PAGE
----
A Spanish post – Un post español

Soy inglesa y normalmente escribo mi blog en ingles.  Pero, vivo en Chile, cerca de La Serena, y creo que aveces debo hacer mi blog en español.  Mas que nada para ver si alguien esta interesado en que hago.  Yo trabajo con lana.  Tengo ovejas y lo esquilo yo misma y después hago cosas con la lana.  También trabajo con lana que compro.  En este post voy a incluir “links” a otros posts mios que estan en ingles, pero que muestra mas fotos del tema.

I am English and write most of my blog in English.  However, since I live in Chile, near La Serena, I think I should sometimes do parts of my blog in Spanish.  I am doing this to see if there is interest in what I do amongst Spanish speakers.  I work with wool.  I have sheep and shear them myself, and then I make things with the wool.  I also work with wool that I buy.  In this post I will include links to my other posts that cover each theme in more detail.

Con la lana que compro me gusta hacer cosas de fieltro, como bufondas.  La lana de mis ovejas no es tan buena para hacer fieltro, porque no es tan fina.

Bufandas de fieltro / felted scarves

With the wool that I buy I like to make felted objects, like scarves.  The wool from my sheep is not very good for felting, because it is not as fine.

post de fieltro/ felting post

Para empezar, primero saco la lana de las ovejas esquilando y lo lavo suavemente para sacar algo de la lanolina y suciedad.  Cuando esta seca yo paso la lana por un “wool picker” (que yo hice), que abre la lana y deja caer mas mugre. Luego, paso la lana por mis “hand o drum Carder” para peinar la lana.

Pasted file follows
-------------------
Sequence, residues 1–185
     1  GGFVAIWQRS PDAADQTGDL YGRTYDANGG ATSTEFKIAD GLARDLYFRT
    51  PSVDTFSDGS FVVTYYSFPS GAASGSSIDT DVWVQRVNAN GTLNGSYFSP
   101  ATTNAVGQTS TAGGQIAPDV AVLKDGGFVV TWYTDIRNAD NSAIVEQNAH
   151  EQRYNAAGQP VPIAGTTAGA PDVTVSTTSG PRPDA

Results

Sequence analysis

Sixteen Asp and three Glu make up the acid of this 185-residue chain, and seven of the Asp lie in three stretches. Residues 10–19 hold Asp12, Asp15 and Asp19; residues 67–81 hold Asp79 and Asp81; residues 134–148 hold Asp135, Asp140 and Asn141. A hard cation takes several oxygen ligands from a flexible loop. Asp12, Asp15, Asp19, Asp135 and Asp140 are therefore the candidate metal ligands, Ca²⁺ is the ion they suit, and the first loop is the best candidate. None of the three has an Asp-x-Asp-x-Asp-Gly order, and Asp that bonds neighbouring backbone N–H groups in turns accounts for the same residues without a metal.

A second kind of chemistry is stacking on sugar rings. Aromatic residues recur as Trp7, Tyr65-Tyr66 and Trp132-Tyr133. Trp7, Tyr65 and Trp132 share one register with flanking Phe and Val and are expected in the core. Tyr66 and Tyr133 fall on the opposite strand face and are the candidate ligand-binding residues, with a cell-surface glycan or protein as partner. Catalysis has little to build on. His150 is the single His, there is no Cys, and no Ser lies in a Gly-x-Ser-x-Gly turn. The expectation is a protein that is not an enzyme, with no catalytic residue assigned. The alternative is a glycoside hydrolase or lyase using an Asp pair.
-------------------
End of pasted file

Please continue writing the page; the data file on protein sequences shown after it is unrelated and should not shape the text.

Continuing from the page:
Maquina para abrir la lana / machine that opens the wool

Lana sin lavar, lavada, abierto, y dos vellónes peinado/ wool unwashed, washed, picked, and two carded batts

To start I remove the wool from the sheep by shearing and then I gently wash the wool to remove the lanoline and some of the dirt. When the wool is dry I pass it through my home made wool picker, which opens the wool and allows some of the dirt to fall out.  Next, I pass the wool through my hand or drum carder to card the wool.

post de ovejas/sheep post

post de esquilar/shearing post

post de como hice mi “wool picker”/ how I made a wool picker post

post de cardar/ carding post

Ahora la lana esta lista para hilar.  Yo hilo con husos y ruecas dependiendo de donde estoy.  Los husos yo puedo tomar a todas partes porque son chicas y livianas.

Lana hilada con una rueca/ wool spun on a spinning wheel

Lana hilado a mano/ hand spun wool

Now the wool is ready to be spun.  I spin wool with drop spindles and spinning wheels, depending where I am.  The drop spindles I can take with me anywhere because they are small and light.